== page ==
Sunday, March 19, 2017

Lesbos

Like the mountain hyacinth, the purple flower
That the shepherds trample to the ground…

Sappho’s voice must have been beautiful, though we can only guess. Her verse was meant to be sung, accompanied by the lyre, which looks something like a small, curved harp. She would have been seated before her audience, with the graceful instrument poised between her thighs, braced between armpit and breast, while her fingers plucked and stroked the strings above. How Sappho’s music sounded we will never know, only that her poetry is known to have made grown men weep.

The muses have filled my life
with delight.
And when I die I shall not be forgotten.

Of nine volumes written on papyrus scrolls and placed for safekeeping in the great library of Alexandria, only 250 fragments of Sappho remain. Fewer than 70 of those contain complete lines and some are just a few words, or just a single word. We can only imagine such beauty, the way a forensic scientist might be forced extrapolate a whole face, a whole identity, from a single molar.

Here now, again, Muses leaving the golden...

Two millennia pass, and now Lesbos gives us the most famous gravedigger of our time, the translator, Moustafa Dowa. Moustafa had never seen a dead body before he came to Lesbos. He had moved to Greece to study the classics; he knew Cairo, he knew Athens, he knew three languages, but he did not know death.

The moon is down.
The Pleiades. Midnight.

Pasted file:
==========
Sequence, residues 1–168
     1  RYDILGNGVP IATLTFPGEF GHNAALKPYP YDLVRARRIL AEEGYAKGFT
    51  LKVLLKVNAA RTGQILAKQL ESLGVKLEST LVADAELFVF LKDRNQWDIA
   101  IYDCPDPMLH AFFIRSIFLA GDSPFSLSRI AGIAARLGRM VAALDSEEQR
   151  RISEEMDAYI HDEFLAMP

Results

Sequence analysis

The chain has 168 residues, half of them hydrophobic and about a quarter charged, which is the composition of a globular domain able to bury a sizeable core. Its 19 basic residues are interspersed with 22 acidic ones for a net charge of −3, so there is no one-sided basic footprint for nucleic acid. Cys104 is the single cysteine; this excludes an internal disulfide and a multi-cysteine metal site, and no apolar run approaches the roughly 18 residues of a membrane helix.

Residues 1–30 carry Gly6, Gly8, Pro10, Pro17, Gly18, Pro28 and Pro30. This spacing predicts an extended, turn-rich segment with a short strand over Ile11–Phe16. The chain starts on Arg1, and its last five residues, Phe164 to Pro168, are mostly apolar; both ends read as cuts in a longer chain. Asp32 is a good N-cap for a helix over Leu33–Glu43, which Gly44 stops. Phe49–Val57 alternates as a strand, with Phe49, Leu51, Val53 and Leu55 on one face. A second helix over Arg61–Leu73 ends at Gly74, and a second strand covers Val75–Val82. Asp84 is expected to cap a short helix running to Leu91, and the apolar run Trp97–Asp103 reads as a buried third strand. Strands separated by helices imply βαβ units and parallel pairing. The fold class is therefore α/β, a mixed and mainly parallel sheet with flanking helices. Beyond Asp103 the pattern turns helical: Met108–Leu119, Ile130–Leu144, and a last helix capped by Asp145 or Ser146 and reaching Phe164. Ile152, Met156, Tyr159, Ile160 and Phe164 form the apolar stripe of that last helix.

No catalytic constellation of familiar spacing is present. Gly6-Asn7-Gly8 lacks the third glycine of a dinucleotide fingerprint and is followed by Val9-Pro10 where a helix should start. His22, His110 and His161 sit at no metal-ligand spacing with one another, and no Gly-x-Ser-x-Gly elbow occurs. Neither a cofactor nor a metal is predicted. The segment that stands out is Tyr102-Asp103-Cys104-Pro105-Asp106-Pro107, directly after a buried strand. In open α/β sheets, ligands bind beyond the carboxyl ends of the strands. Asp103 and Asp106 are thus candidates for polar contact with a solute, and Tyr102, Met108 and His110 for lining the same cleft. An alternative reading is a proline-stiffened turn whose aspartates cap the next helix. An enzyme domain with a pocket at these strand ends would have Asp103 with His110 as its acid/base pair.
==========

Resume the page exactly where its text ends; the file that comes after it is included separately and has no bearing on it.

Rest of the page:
The hours flow on,
I lie, alone.
  
In Lesbos, he had planned to be of service as a translator for the thousands of Syrians, Afghans, and Iraqis, who cross the Aegean Sea from Turkey, crowding into open boats and rubber dinghies, risking their lives on the turbulent water for a chance to reach safety.

Like the sweet apple reddening high on a branch
High on the highest, the apple pickers forgot—
Or not forgotten, but one they couldn’t reach…

            Before long, Moustafa sees the truth: the dead here need more help than the living. Moustafa brings a man to the morgue to help identify his sister. Forty-five bodies are stacked in a refrigerator, men and women together, some are naked. The morgue is full, the cemetery is full, and the dead keep coming. Some are carried to shore by survivors, others wash ashore battered by the rocks, disfigured by the sea, dismembered, without names.

Of all the stars, the loveliest…

            The town discusses the situation and Moustafa is given an olive grove. He digs the graves and teaches himself how to prepare the bodies for a proper Islamic burial.

I did 57 funerals in seven days. In one day I did 11.

            Moustafa buries a three-year-old boy alongside his brother and their parents after their boat capsizes. The child’s name is Adam Abu Jazar. He buries a small, headless girl who can’t be more than a year old; Moustafa crouches in the grave with her for a few minutes, unable to move. Her grave marker bears the inscription, Unknown, followed by the coroner’s file number, the date she washed ashore, and her presumed age.

Hesperus, you bring back again
What the dawn light scatters,
Bringing the sheep: bringing the kid
Bringing the little child back to its mother.

            One day there is just a foot, the foot of a 30-year-old man. On a white table, Moustafa ritually bathes the foot as he would the whole body, from right to left, top to bottom, three times. Usually family members perform this ritual.

Bismillah. In the name of Allah, the most Gracious, the most Merciful.

Moustafa binds the foot in a white shroud.

Allahu Akbar. God is great.

He buries the foot, without a casket, facing the olive trees and, further away, Mecca. Moustafa offers his prayer as all Muslims do, in song.

Allah, forgive our living and our dead, those present among us and those absent, our young and our old, our men and our women…

            He takes the precious fragments and imagines them whole.


And I say to you someone will remember us...